Sewickley plans parking study meeting
Based on a study released last month, Sewickley will need 300 additional parking spaces over the next five years to accommodate demand.
A public comment session will be offered at the May 19 council meeting when Sewickley leaders will discuss the parking study results.
Sewickley Mayor Brian Jeffe said he encouraged residents and business owners to attend the meeting as it could help determine the future needs of parking within the borough.
In the report, Khurshid Hoda, a consultant with Chicago-based Kimley-Horn and Associates, said the borough would need 353 spaces in a public parking garage, if leaders were to reconsider that option that was delayed until after the study was completed.
“The borough's parking supply must provide adequate and convenient parking to its patrons,” Hoda wrote in the report. “At present, the public parking supply is operating at or above capacity. To support future developments, additional parking is needed.”
According to data, Hoda surveyed the borough on Nov. 21, determining the peak hour of use was 1 p.m. when spaces had an 87-percent occupancy rate. Hoda recorded 784 parking spaces in the area he studied, which included the “business core of downtown Sewickley” — from Logan Street to Blackburn Road and Walnut Street and from Centennial Avenue to Frederick Avenue.
Hoda studied Beaver Street from Grimes Street to west of Blackburn Road, he said. He did not study Hill Street and the 10-hour meters on that road.
Of the 784 spaces, Hoda determined 349 were on-street public spaces and 96 were off-street public spaces.
“Based on current parking demand … the study area currently has a parking deficit of 34 spaces,” he wrote.
Kimley-Horn was hired in October at a cost of $25,700.
Borough leaders last year shelved a plan to build a nearly 300-space parking garage along Walnut Street until at least results of the parking study are known.
Bobby Cherry is an associate editor for Trib Total Media. He can be reached at 412-324-1408 or firstname.lastname@example.org.
Add Bobby Cherry to your Google+ circles.
Show commenting policy
TribLive commenting policy
You are solely responsible for your comments and by using TribLive.com you agree to our Terms of Service.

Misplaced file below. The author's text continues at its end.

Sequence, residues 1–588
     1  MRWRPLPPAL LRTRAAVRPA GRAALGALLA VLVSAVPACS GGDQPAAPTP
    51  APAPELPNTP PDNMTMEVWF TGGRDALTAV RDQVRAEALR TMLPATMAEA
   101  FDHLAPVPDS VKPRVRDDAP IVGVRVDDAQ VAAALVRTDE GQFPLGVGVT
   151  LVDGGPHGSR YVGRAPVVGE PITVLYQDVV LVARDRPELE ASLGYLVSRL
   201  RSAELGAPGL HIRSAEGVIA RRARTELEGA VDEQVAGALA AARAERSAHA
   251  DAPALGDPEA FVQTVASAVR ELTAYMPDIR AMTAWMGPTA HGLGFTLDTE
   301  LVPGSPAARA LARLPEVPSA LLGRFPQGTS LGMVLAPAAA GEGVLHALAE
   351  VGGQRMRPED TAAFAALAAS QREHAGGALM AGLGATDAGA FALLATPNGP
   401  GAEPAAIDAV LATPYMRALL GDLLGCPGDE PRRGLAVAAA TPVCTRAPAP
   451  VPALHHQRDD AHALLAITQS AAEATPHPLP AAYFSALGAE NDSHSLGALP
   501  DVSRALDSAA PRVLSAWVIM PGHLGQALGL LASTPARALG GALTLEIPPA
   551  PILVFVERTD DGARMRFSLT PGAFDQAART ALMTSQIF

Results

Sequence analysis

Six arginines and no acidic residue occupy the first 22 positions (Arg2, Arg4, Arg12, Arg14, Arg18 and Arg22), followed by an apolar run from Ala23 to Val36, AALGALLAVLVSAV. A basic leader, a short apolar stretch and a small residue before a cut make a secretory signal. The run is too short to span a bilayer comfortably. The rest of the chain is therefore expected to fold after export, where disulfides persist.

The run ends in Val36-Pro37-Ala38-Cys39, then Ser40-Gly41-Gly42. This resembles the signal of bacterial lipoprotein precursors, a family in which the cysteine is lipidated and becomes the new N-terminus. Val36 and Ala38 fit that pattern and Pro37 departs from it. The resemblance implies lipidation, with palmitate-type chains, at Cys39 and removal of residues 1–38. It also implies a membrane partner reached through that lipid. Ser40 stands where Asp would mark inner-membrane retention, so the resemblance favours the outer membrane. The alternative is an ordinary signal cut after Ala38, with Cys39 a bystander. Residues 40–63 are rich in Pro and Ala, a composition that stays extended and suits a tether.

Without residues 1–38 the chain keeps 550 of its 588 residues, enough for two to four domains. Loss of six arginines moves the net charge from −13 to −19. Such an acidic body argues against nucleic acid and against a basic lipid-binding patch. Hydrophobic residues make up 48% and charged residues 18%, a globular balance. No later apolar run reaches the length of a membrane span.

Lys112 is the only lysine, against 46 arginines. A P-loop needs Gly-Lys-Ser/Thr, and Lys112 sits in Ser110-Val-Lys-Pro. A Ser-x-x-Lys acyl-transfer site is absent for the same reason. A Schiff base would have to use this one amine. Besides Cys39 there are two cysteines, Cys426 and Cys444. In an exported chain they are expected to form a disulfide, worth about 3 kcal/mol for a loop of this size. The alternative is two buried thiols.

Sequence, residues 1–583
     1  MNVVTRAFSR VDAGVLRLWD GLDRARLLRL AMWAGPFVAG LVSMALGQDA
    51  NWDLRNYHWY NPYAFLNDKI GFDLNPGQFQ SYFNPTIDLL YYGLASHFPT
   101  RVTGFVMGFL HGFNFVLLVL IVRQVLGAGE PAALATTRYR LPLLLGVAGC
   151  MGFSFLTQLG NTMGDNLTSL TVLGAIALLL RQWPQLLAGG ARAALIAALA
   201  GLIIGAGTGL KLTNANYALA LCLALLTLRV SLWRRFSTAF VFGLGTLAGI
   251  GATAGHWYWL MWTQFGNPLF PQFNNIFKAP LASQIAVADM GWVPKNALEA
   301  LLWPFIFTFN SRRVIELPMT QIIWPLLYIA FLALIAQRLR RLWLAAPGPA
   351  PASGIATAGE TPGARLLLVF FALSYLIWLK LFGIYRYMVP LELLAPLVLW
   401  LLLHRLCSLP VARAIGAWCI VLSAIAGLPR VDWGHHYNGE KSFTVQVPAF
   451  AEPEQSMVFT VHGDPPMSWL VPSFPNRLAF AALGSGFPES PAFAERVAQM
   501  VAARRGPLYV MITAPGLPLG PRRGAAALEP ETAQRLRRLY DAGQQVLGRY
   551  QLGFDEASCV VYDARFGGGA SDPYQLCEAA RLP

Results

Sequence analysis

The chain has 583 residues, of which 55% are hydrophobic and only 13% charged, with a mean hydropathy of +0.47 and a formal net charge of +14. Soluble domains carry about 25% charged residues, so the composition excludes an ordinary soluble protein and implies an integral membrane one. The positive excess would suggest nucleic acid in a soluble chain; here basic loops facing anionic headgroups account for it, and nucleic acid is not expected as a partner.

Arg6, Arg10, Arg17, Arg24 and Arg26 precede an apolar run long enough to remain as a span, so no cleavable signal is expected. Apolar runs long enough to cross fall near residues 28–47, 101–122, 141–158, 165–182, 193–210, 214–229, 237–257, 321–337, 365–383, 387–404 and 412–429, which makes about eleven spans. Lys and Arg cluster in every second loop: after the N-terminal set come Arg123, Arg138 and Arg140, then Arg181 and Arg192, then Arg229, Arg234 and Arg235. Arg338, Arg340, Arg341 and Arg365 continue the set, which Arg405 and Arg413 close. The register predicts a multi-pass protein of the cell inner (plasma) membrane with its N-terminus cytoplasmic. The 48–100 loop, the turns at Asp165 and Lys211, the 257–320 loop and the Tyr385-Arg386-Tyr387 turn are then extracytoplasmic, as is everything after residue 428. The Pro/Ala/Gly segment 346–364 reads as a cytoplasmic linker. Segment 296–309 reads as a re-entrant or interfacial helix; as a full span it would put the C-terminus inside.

We moderate comments. Our goal is to provide substantive commentary for a general readership. By screening submissions, we provide a space where readers can share intelligent and informed commentary that enhances the quality of our news and information.
While most comments will be posted if they are on-topic and not abusive, moderating decisions are subjective. We will make them as carefully and consistently as we can. Because of the volume of reader comments, we cannot review individual moderation decisions with readers.
We value thoughtful comments representing a range of views that make their point quickly and politely. We make an effort to protect discussions from repeated comments either by the same reader or different readers.
We follow the same standards for taste as the daily newspaper. A few things we won't tolerate: personal attacks, obscenity, vulgarity, profanity (including expletives and letters followed by dashes), commercial promotion, impersonations, incoherence, proselytizing and SHOUTING. Don't include URLs to Web sites.
We do not edit comments. They are either approved or deleted. We reserve the right to edit a comment that is quoted or excerpted in an article. In this case, we may fix spelling and punctuation.
We welcome strong opinions and criticism of our work, but we don't want comments to become bogged down with discussions of our policies and we will moderate accordingly.
We appreciate it when readers and people quoted in articles or blog posts point out errors of fact or emphasis and will investigate all assertions. But these suggestions should be sent via e-mail. To avoid distracting other readers, we won't publish comments that suggest a correction. Instead, corrections will be made in a blog post or in an article.
- Parking concerns grow in Sewickley
- Sewickley Valley YMCA programs to help those suffering from chronic conditions
- Sewickley Council nixes resident’s budget-panel proposal
- Sewickley’s St. James students see a few changes as they return
- Sweetwater works with The Caring Place to display special exhibit
- ‘Angel’ supplies Ambridge students with basic needs
- Edgeworth won’t allow resident to remove trees in front of her home